CAO v HAT  QDC 42 at : I notice the 2012 Act does not specifically provide for an application to revoke an order, although a person may apply for a variation of the duration of an order, to potentially the same end. Before a court may vary an order it must consider, among other things, the grounds set out in the application for a protection order and the findings of the court that made the domestic violence order. These provisions, found in s. 91 of the 2012 Act, copy parts of s. 35 of the 1989 Act. The considerations set out in s. 36 of the 1989 Act are also preserved – with respect to an application for a variation which the court considers ‘may adversely affect the safety, protection or well being of the aggrieved or any named person’– in s. 92 of the 2012 Act.
R v Wallace  QCA 62 at : “This case illustrates the importance for lawyers to be educated in the potential impact of domestic violence on its victims. Lawyers acting for those charged with criminal offences who claim to be victims of domestic violence should fully investigate those claims to determine their weight and relevance to the charged offending. If appropriate, they should obtain relevant evidence of the kind produced in this application and place it before the primary court, either as a possible defence or, as here, in mitigation of sentence.”
 In my view, the third element of whether “the protection order is necessary or desirable to protect the aggrieved from domestic violence” requires a three stage process supported by a proper evidentiary basis (adduced pursuant to s 145 of the Act):
- Firstly, the court must assess the risk of future domestic violence between the parties in the absence of any order. There must evidence to make factual findings or draw inferences of the nature of, and prospect that domestic violence may occur in the future. This will depend upon the particular circumstances of the case. Relevant considerations may include evidence of past domestic violence and conduct, genuine remorse, rehabilitation, medical treatment, physiological counselling, compliance with any voluntary temporary orders (s 37(2)(2)), and changes of circumstances. Unlike, its predecessor provision under the now superseded legislation, the court does not need to be satisfied that future domestic violence is ‘likely’. However, there must be more than a mere possibility or speculation of the prospect of domestic violence.
- Secondly, the court must assess the need to protect the aggrieved from that domestic violence in the absence of any order. Relevant considerations may include evidence of the parties’ future personal and familial relationships, their places or residence and work, the size of the community in which they reside and the opportunities for direct and indirect contact and future communication, for example, in relation to children.
- Thirdly, the court must then consider whether imposing a protection order is “necessary or desirable” to protect the aggrieved from the domestic violence. In this regard, pursuant to s 37(2)(1), the court must consider the principles in s 4(1) that: (a) the safety, protection and wellbeing of people who fear or experience domestic violence, including children, are paramount; (b) people who fear or experience domestic violence, including children, should be treated with respect, and disruption to their lives minimised; (c) perpetrators of domestic violence should be held accountable for their use of violence and its impact on other people and, if possible, provided with an opportunity to change; (d) if people have characteristics that may make them particularly vulnerable to domestic violence, any response to the domestic violence should take account of those characteristics; (e) in circumstances in which there are conflicting allegations of domestic violence or indications that both persons in a relationship are committing acts of violence, including for their self-protection, the person who is most in need of protection should be identified; (f) a civil response under this Act should operate in conjunction with, not instead of, the criminal law.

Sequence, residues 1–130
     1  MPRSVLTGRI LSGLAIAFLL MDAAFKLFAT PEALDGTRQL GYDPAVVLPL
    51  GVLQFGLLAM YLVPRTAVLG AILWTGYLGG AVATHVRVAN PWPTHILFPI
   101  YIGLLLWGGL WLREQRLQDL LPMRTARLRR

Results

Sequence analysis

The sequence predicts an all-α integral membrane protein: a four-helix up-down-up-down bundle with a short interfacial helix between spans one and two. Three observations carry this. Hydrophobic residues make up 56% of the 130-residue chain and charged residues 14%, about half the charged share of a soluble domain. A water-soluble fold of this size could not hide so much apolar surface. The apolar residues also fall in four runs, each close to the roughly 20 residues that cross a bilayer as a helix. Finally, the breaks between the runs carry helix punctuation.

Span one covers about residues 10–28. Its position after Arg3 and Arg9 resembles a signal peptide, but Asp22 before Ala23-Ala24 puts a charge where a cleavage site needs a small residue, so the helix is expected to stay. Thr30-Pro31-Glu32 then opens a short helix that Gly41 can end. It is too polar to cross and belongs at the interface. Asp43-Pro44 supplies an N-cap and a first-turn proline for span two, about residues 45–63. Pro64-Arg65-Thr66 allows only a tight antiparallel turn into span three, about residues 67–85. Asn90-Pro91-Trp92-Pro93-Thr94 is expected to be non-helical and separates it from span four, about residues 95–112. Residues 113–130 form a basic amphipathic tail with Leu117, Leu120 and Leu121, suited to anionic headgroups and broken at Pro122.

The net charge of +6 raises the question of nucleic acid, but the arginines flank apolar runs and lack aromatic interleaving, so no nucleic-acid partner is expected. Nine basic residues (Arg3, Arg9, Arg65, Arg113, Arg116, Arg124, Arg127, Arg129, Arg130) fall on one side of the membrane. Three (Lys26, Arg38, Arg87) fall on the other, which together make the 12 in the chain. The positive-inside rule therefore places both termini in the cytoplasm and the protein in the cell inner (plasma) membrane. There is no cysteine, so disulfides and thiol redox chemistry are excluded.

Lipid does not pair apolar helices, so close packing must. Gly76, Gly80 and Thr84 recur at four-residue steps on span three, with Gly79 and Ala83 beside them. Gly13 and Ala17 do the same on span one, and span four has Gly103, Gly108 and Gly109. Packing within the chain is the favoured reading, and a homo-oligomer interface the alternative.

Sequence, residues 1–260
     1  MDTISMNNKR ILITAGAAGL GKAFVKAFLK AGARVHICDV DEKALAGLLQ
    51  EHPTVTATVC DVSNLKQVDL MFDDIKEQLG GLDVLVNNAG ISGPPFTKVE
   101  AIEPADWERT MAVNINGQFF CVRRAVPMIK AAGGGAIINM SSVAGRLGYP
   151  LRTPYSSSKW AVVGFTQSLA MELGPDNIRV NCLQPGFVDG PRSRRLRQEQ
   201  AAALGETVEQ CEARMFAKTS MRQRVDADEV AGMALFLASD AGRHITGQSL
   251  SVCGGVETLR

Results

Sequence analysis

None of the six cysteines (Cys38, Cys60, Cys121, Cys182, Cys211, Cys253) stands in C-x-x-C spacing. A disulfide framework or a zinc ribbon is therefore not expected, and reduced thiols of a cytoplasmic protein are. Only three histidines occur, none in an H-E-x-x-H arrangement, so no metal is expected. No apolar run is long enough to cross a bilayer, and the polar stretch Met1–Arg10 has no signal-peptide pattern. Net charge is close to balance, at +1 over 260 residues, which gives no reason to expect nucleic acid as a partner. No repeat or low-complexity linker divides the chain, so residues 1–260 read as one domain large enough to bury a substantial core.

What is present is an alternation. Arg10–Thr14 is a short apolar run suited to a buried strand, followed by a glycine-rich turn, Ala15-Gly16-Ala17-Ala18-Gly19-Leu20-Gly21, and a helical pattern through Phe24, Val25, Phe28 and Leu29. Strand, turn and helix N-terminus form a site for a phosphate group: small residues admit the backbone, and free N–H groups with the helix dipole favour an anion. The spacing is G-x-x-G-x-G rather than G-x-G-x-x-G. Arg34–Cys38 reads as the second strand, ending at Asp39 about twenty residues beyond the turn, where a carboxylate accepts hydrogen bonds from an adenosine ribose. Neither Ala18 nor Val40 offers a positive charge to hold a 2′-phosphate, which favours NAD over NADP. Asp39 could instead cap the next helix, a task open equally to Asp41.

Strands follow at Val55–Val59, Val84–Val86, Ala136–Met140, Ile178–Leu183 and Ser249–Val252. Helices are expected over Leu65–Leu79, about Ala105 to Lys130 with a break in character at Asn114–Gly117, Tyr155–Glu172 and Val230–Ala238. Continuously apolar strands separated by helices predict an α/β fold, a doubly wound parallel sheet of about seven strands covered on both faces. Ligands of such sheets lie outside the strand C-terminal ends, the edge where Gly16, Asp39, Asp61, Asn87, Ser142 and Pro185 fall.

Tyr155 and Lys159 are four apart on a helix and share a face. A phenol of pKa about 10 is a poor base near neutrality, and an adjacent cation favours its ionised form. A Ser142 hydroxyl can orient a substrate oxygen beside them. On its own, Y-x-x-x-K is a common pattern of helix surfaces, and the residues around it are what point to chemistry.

- Finally, if the court is satisfied of the other pre-conditions of a relevant relationship and domestic violence are established, the court may exercise its discretion to make a protection order imposing appropriate prohibitions or restrictions on the behaviour of a respondent necessary or desirable to protect the aggrieved from the domestic violence.
CDM v GR  QMC 15 at : I consider the ejusdem generis rule applies and that consideration of “any other relevant matter” in Section 92(2)(d) is confined to a consideration of the safety, protection or wellbeing of CDM and the named person.
LKL v BSL  QDC 337
 The legislation makes it clear that formal rules of evidence do not apply but there still must be evidence in the sense of there being some material put before the Court which provides a rational basis for the determination and it must be put before the Court in a way which gives the opposite party the opportunity to challenge that evidence and put the opposite party’s case in relation to the matter. …
 … It is now established that the application is evidence capable of being taken into account by the Magistrate and it may be that the respondent sees fit to respond to it, and if so, he may be subjected to cross examination.